By Pete Schroeder

WASHINGTON, Oct 2 (Reuters)Asian markets were little changed on Friday, as a U.S. stimulus deal remained out of reach and investors waited on fresh U.S. employment data for a read on the economic toll from the coronavirus pandemic.

U.S. markets kicked off the fourth quarter closing higher on Thursday while the dollar sank, as investors tracked stimulus talk updates throughout the day. The September employment report from the Labor Department looms large, following new layoff announcements from the likes of Disney DIS.N and Goldman Sachs GS.N.

Japan’s Nikkei 225 index .N225 was up 0.35% after the Tokyo Stock Exchange (TSE) resumed normal trading after its worst-ever outage brought the world’s third-largest equity market to a standstill.

MSCI’s broadest index of Asia-Pacific shares outside Japan .MIAPJ0000PUS was down 0.1%, while Australia’s benchmark S&P/ASX 200 index .AXJO slipped 0.7%.

In the United States, an additional economic stimulus package remained elusive despite renewed efforts from Washington negotiators.

After a day of negotiations, House Speaker Nancy Pelosi told reporters she did not expect an imminent agreement with the Trump administration. It remains unclear if policymakers can get something done before the Nov. 3 election.

New data showed U.S. consumer spending was still up in August, but its momentum was slowing as increased unemployment benefits began to dry up. If policymakers cannot agree on more support, the economic toll could worsen.

“The risk is that if disposable incomes continue to fall, the recovery in personal spending will slow or even reverse. The fiscal stimulus stalemate suggests additional government support payments to households are unlikely soon,” said Commonwealth Bank of Australia currency analyst Kim Mundy in a note.

The Dow Jones Industrial Average .DJI rose 0.13%. The S&P 500 .SPX gained 0.53% and the Nasdaq Composite .IXIC added 1.42%.

By Stanley White and Eimi Yamamitsu

TOKYO (Reuters) – Trading on the Tokyo Stock Exchange was brought to a complete standstill by a hardware failure for all of Thursday, in the worst-ever outage for the world’s third-largest equity market.

Japan’s TSE said it would reopen as usual on Friday, but frustrated investors were left unable to buy shares in Tokyo following an overnight rise on Wall Street.

The outage will test the exchange’s credibility just as new Prime Minister Yoshihide Suga has prioritised digitalisation and could dent Tokyo’s hopes of wooing banks and fund managers from Hong Kong amid a new security law imposed by China.

“I feel painfully responsible for all the confusion this incident has caused for investors and market participants,” TSE Chief Executive Officer Koichiro Miyahara told a news briefing

The TSE said the glitch was the result of a hardware problem at its “Arrowhead” trading system, and a subsequent failure to switch to a back-up. It caused the first full-day suspension since the exchange switched to all-electronic trading in 1999.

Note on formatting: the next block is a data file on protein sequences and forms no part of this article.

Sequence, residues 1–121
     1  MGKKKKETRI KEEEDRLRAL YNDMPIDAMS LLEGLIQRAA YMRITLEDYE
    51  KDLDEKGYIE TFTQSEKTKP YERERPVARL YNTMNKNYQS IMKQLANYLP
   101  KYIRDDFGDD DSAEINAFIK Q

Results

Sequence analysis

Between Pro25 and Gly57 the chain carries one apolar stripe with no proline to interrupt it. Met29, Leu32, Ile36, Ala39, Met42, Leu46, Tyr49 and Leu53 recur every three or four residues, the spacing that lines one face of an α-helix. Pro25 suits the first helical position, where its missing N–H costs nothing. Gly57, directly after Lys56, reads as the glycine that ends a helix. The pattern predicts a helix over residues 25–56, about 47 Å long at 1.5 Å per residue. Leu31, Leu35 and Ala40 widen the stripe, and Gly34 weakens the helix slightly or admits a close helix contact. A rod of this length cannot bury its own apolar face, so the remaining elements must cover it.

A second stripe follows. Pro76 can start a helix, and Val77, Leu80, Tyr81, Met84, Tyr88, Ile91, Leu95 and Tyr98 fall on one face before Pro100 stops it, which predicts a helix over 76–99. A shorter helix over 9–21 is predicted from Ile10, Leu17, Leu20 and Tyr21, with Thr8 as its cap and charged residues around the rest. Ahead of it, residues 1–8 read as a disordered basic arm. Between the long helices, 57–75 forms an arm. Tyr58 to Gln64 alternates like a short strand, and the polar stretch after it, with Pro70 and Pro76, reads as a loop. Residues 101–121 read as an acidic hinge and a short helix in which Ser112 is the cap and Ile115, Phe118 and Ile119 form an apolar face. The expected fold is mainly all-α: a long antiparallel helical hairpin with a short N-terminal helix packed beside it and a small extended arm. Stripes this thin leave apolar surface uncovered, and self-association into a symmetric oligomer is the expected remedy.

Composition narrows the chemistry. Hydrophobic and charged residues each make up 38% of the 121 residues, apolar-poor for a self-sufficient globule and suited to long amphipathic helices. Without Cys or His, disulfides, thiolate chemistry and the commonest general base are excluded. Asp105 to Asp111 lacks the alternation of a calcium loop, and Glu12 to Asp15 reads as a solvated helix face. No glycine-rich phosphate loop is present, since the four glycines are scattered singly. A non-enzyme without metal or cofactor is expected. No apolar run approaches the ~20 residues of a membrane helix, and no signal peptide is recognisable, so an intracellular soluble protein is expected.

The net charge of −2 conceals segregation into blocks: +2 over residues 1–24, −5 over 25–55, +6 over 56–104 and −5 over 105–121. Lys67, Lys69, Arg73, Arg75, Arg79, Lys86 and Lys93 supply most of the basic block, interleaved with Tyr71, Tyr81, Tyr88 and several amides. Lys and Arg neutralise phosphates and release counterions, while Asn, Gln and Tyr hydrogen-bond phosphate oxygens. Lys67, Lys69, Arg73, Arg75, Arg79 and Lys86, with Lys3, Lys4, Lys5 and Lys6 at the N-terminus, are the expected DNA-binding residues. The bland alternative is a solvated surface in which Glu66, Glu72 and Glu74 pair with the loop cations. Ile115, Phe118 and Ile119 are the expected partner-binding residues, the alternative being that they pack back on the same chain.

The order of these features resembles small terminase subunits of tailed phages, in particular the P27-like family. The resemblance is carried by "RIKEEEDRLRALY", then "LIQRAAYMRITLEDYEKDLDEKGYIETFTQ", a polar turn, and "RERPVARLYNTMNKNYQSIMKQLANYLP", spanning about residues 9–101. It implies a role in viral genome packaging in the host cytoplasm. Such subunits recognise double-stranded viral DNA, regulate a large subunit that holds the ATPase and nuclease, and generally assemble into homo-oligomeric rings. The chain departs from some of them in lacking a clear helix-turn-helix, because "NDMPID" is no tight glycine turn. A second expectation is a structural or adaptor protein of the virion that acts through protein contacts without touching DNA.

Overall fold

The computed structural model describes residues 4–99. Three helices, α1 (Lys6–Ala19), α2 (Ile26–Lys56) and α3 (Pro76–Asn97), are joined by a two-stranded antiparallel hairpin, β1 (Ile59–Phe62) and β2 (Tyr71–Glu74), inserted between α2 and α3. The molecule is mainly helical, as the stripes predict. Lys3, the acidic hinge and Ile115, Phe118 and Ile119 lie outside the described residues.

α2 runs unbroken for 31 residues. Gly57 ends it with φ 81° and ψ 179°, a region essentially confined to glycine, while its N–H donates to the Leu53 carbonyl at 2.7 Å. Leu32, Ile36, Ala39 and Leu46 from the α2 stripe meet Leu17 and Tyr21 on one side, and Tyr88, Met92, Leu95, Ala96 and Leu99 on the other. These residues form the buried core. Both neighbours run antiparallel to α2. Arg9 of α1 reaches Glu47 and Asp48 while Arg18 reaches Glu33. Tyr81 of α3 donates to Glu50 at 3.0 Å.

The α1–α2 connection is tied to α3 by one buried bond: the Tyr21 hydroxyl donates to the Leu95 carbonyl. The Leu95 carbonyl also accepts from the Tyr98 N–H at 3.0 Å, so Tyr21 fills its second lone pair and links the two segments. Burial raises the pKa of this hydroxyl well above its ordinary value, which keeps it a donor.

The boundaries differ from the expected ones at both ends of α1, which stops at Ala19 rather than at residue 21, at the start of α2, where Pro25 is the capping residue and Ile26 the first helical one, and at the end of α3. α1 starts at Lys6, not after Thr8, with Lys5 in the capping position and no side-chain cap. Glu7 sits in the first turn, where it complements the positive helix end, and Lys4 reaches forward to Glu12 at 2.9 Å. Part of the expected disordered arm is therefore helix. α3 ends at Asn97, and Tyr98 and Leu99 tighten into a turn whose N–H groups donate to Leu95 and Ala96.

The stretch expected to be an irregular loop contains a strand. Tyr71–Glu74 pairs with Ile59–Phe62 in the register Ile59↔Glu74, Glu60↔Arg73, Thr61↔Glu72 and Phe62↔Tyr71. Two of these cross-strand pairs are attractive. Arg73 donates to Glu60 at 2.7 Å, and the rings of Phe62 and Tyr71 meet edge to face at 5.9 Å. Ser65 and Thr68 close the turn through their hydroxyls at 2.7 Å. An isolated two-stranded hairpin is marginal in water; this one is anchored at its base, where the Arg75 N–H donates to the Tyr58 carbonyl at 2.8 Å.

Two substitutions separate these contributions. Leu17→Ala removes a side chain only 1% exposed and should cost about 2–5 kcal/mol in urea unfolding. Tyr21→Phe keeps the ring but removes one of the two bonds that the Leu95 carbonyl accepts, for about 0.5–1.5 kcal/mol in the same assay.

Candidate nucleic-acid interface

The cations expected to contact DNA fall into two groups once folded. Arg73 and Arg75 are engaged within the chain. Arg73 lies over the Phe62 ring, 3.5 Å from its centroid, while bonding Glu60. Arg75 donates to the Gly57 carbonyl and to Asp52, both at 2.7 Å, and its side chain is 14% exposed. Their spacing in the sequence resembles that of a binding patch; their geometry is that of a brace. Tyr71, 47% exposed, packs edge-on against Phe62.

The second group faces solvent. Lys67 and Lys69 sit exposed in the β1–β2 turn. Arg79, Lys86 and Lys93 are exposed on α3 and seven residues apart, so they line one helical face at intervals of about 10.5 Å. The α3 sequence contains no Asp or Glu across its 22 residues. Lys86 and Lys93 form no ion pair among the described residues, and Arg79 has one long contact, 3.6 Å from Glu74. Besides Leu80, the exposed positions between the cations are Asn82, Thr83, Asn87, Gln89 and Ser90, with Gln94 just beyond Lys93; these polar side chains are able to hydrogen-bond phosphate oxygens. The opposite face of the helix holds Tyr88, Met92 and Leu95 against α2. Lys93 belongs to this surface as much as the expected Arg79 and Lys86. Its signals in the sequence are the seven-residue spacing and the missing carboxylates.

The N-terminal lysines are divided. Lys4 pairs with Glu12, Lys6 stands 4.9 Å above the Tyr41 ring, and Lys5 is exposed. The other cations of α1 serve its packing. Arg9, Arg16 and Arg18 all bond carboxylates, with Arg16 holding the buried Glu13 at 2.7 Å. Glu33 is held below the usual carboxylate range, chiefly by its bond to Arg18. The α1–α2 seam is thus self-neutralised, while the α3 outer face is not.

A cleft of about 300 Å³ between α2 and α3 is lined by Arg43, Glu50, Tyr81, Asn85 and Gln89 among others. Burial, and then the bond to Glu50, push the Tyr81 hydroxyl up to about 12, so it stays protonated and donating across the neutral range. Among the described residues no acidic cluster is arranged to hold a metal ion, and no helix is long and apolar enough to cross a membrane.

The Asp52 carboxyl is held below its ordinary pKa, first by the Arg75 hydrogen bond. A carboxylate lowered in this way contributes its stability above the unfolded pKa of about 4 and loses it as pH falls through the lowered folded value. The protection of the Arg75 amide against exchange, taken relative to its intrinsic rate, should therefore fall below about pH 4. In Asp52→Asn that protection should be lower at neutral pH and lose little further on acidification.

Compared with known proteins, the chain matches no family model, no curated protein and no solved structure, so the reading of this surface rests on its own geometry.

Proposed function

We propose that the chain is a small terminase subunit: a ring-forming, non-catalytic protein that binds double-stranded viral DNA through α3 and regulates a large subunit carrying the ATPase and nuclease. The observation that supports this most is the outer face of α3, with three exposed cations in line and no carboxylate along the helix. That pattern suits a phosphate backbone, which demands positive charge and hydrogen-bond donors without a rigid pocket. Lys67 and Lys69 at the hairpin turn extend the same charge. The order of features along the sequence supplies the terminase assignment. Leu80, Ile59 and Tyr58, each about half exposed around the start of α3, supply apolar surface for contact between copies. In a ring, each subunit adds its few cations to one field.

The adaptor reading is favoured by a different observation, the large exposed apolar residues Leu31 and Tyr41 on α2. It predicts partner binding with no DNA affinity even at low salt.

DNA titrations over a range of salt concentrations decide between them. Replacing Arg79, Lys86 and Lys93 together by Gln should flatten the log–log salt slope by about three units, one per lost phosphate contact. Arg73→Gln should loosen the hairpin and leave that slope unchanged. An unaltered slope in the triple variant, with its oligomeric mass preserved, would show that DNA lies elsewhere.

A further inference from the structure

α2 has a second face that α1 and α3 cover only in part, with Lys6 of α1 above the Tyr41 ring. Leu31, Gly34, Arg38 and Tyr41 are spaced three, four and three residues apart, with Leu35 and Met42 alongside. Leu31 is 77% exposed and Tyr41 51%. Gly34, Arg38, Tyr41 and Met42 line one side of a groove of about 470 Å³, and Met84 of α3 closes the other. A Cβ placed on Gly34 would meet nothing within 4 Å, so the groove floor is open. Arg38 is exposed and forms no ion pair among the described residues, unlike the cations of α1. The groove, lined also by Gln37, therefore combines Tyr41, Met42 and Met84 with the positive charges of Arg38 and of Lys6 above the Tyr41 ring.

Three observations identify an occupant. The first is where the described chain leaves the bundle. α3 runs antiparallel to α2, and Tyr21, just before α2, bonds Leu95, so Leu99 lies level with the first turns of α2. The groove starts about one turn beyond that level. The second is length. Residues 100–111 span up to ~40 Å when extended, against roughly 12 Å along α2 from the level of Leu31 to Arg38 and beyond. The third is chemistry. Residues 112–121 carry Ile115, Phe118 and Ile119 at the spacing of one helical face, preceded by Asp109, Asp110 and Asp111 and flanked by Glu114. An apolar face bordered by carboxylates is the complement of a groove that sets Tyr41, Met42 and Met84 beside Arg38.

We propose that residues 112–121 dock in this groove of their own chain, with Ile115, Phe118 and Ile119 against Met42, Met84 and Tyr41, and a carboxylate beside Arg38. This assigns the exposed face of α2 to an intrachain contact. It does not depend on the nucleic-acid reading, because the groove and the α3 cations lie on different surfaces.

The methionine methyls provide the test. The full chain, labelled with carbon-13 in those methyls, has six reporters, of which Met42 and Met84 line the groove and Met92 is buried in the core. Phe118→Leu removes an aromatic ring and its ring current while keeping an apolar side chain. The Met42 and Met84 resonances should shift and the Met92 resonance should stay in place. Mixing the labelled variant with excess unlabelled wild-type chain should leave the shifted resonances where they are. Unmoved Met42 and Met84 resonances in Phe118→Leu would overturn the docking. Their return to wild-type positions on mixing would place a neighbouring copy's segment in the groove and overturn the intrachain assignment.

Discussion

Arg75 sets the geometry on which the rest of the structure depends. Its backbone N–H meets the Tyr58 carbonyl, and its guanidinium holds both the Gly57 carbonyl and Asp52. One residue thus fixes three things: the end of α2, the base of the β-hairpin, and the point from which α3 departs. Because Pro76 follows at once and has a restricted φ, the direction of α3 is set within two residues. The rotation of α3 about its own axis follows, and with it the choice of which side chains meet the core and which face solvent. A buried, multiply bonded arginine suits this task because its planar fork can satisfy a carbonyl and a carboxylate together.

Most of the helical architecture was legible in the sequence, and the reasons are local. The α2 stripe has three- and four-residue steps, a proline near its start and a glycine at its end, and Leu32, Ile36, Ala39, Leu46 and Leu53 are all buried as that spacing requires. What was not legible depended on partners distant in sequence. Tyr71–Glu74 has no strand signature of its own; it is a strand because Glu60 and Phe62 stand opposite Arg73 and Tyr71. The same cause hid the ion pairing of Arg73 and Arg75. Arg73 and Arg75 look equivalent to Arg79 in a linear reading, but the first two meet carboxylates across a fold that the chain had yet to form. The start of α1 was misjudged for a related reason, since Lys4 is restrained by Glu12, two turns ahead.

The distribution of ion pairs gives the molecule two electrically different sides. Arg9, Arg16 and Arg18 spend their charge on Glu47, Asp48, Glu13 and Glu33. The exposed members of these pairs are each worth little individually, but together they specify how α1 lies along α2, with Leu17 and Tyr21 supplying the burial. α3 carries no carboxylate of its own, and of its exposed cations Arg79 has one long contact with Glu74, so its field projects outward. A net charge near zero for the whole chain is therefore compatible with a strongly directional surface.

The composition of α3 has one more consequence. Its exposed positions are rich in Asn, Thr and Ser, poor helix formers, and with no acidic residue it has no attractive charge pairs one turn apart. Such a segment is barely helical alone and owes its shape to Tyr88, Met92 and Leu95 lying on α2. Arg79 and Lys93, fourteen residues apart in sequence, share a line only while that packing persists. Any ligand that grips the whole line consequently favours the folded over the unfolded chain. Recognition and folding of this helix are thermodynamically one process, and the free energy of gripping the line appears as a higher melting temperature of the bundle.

Fujitsu Ltd <6702.T>, which developed the trading system, said it was investigating the problem, while the TSE said it has no plan at this point to ask for any compensation.

Tokyo Governor Yuriko Koike said a quick fix was crucial to ensure trust in the roughly $6 trillion market.

“The timing is really just bad,” said Takashi Hiroki, chief strategist at brokerage Monex in Tokyo, adding that many market participants had been hoping to buy back their stocks or increase their holdings after an overnight rise in U.S. markets.

“The market was robbed of that chance,” he added.

The meltdown also coincided with the release of the Bank of Japan’s closely watched tankan corporate survey, which showed business sentiment improved from a decade low.

“It hasn’t

  • Palantir insiders were temporarily unable to sell shares Wednesday due to an issue with Morgan Stanley’s trading software, Shareworks, CNBC first reported and Shareworks confirmed to Business Insider.
  • The data-mining company went public Wednesday morning via a direct listing at $10 per share, but took a page from the traditional IPO process by having a “lock-up” period for existing investors.
  • Palantir still allowed those investors to sell up to 20% of their shares during the lock-up, but according to CNBC, some initially couldn’t take advantage of it because of a software glitch.
  • A spokesperson for Shareworks by Morgan Stanley told Business Insider the company “experienced slowness that may have resulted in delayed logins into our system” but that its call centers were able to execute trades “at all times.”
  • Palantir’s stock jumped as much as 14% per share in early hours, but dropped again later in the day.
  • Visit Business Insider’s homepage for more stories.

Palantir went public on Wednesday, giving existing investors a chance to offload some of their shares. But some were temporarily unable to do via Morgan Stanley’s trading platform, Shareworks, because of a software glitch, CNBC first reported and Shareworks by Morgan Stanley confirmed to Business Insider.

While Palantir used a direct listing process (DLP) instead of a traditional initial public offering (IPO), it took a page from the IPO process by setting a “lock-up” period for existing investors such as employees, founders, and venture capitalists to limit some volatility.

Still, it allowed those insiders to sell up to 20% of their shares immediately upon the stock’s debut Wednesday morning.

But according to CNBC, some current and former employees couldn’t get in on the initial action because Morgan Stanley’s Shareworks trading platform, through which they were supposed to be able to sell shares, wasn’t functioning properly.